As you take the temperature, flip the potatoes around and makde sure they are well coated and browning. They are hard to overcook, but, if you are worried "test one." No one will ever learn.

After you remove the roast, it MUST rest for 20 minutes or so. This will let the juices redistribute. Cooking will continue, so if you really like red and bloody, make sure to take it out when the middle is 120 and the sides not much more. If the roast rests, even if it is quite red to the eye, it will be more cooked than it looks. This makes everyone happy!

Slice as thinly as you can with a good knife. Serve with the potatoes. I will have more on sauces later, but you can make an excellent mustard sauce with a good Dijon Mustard (I like Maile) mixed with a little bit of milk.



Have your tried a stiploin roast? Since it is even thickness all the way through, static cooking time, no matter how large a piece of meat. Although more expensive, it is an easy last minute roast as it cooks in an hour, and they can be purchased up to about 5lbs.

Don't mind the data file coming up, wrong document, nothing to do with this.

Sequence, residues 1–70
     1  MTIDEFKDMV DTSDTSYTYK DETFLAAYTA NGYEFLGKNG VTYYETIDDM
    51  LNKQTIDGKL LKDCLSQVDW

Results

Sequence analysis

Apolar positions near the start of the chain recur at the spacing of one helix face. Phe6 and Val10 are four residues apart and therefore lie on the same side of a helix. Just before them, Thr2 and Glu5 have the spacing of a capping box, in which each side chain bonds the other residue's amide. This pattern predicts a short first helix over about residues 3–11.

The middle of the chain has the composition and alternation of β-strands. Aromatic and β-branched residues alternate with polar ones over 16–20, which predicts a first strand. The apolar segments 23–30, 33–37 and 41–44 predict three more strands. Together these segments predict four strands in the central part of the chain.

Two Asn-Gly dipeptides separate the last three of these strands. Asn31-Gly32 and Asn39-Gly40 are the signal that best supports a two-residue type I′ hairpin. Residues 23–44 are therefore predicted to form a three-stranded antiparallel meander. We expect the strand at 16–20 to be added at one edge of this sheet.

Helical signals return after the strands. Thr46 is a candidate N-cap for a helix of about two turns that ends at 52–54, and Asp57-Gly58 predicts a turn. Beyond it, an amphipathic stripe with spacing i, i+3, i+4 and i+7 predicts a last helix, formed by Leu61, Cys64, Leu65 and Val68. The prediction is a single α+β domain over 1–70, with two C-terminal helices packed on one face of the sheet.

lisa said...

who is the unfriendliest butcher on the west side, I have no idea

Ira.B said...

The butcher in question has a name that rhymes with goodfella.
Nyer2London: I have never tried a striploin roast. I have looked it up and believe it is a boneless shell steak roast. Am I right?

CindyH said...

Why do you have to peel the potatoes? Yukon gold taste pretty good roasted with the skin on too.

Ira.B said...

although unpeeled potatoes taste great, they do not brown as well as a peeled, dry potato.